Why all the fuss about Mary? And why do you pray to the saints?
Throughout Christendom the Church has celebrated the lives of believers whose witness was a visible testimony to our Lord. Amidst the countless saints who provide such examples for us, one in particular is preeminent above the rest. Mary, the mother of our Lord, stands as the supreme biblical example. She is a 'type' or model of redeemed humanity.
All who had gone before, the patriarchs, prophets, and kings bore witness to the Word, but Mary bore the Word. In her declaration, be it unto me according to your word, Mary shifts from the selfish and sinful response of our first parents, Adam and Eve. Their response to God could be summarized, be it unto me according to my word.
Mary's life was one of full surrender to God's will as she made Jesus known. Likewise, the life of every believer should seek to bear Jesus to the world and to make Him known. We are all called to be such Christ-bearers: to empty ourselves of sinful and selfish desires and to allow the Spirit of God to reign in our hearts and lives.
The Church, therefore, has always held Mary in esteem for her position in salvation history as well as her godly example. In doing so, it fulfills Scripture. Luke records in his first chapter that all generations will call her, Mary, blessed. She reminds us that God has a plan for each of us if we, like her, allow Him to work through us to accomplish His redemptive work.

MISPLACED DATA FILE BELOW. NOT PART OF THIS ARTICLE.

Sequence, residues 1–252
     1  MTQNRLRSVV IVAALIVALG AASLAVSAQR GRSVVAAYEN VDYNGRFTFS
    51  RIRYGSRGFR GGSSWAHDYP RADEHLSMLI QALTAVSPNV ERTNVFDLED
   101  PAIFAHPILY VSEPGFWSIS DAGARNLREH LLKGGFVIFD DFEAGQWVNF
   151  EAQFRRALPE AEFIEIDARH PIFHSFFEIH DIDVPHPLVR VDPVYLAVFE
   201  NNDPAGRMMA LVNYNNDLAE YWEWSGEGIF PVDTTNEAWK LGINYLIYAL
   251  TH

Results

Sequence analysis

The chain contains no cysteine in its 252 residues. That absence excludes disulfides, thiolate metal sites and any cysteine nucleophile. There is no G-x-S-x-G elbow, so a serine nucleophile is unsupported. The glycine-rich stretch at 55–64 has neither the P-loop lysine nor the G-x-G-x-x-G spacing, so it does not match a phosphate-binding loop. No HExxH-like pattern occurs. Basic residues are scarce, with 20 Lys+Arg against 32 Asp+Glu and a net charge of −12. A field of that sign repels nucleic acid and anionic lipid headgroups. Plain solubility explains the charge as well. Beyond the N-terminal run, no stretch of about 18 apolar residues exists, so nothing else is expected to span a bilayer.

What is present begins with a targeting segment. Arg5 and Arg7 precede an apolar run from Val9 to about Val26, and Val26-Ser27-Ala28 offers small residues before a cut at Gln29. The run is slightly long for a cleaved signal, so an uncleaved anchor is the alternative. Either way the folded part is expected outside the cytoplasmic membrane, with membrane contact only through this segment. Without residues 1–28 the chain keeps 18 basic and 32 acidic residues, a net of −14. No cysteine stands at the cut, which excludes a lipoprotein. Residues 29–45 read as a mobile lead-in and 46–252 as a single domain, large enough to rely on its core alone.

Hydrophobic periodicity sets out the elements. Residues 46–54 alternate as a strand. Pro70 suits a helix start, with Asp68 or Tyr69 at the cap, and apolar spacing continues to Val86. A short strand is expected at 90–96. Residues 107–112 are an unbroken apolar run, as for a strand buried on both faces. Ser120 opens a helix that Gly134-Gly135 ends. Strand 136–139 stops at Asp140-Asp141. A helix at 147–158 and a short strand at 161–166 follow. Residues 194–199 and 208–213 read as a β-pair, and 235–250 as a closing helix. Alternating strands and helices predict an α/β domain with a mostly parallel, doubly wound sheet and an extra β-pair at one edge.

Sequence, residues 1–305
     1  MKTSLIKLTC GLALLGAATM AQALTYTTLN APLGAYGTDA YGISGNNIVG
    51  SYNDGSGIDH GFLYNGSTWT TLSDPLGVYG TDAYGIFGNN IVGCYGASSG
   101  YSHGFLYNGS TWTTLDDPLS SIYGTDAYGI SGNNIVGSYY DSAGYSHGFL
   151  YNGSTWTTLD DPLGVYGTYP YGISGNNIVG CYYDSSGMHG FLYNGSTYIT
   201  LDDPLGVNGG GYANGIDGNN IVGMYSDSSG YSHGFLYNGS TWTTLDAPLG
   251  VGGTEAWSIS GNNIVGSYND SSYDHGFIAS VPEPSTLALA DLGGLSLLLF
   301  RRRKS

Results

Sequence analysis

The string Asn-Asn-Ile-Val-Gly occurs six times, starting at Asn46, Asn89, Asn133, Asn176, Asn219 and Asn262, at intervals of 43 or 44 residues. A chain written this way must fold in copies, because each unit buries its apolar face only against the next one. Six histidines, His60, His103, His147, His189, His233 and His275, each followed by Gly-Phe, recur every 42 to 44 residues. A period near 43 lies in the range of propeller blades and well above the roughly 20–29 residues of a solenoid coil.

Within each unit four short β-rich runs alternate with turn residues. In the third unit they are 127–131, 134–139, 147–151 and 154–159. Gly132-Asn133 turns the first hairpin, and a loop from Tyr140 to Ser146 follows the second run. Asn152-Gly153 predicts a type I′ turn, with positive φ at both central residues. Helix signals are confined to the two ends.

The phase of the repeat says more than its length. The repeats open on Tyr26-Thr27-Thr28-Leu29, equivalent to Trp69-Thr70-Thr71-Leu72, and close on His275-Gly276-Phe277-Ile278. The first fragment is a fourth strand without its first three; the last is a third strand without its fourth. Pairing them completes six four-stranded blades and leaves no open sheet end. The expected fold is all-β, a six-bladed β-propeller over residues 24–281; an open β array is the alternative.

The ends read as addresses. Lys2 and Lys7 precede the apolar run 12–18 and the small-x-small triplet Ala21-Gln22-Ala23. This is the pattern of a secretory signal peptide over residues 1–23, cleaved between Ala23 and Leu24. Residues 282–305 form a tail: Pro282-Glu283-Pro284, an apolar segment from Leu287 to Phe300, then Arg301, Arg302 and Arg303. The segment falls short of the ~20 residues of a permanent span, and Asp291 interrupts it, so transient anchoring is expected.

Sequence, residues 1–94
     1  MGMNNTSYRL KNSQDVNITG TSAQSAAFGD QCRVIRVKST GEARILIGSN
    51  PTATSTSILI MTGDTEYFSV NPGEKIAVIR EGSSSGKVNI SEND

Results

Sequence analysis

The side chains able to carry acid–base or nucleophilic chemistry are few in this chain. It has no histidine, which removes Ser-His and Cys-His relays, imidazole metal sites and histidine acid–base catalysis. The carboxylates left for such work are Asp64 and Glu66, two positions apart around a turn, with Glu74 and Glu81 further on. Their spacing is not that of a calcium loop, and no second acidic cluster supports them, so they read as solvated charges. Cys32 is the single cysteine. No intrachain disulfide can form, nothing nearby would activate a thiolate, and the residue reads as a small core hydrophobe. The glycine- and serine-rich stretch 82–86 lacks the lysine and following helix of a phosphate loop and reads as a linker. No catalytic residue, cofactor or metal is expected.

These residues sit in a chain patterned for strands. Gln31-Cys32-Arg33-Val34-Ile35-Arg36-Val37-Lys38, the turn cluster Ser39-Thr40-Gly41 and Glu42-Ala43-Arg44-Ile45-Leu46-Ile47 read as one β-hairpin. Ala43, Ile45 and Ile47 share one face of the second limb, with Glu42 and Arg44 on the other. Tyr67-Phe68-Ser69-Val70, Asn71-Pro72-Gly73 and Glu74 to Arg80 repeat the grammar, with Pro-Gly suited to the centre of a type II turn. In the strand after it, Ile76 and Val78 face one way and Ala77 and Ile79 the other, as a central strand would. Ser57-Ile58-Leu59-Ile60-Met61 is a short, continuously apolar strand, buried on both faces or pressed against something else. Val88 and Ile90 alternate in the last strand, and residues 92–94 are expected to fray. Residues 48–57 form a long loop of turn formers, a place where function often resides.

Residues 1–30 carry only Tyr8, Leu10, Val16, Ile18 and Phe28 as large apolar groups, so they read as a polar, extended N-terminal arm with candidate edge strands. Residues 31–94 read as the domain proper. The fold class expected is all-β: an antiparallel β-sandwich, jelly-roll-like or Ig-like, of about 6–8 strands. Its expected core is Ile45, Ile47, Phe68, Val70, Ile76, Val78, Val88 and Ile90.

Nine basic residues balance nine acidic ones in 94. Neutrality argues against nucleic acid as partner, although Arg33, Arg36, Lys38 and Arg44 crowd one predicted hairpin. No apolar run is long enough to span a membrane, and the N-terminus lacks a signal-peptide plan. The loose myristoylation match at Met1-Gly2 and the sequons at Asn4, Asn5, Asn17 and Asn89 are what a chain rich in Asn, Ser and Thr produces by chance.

Unfortunately, many have misunderstood the invocation of the saints, especially in regard to Mary. The Church upholds a biblical understanding of Jesus' victory over death. In doing so, it maintains that the Church is a living body, both in heaven and on earth. The ministry of that body is to pray for the Church as the Spirit of God works through it to fulfill His will on earth.
In asking for the prayers of the saints, prayer is not being made to them. Rather, it is a request that they join us in our petitions. Such a practice does not deny Jesus' place as our chief advocate any more than asking a friend to pray for us would do so.
Some find comfort and hope in the great cloud of witnesses that constitute the Church. In asking for the prayers of those in heaven it reminds them of this living fellowship and strengthens them in their Christian journey.
Such a practice is not required of any, but can certainly be of help to some through this long-standing tradition in the Church.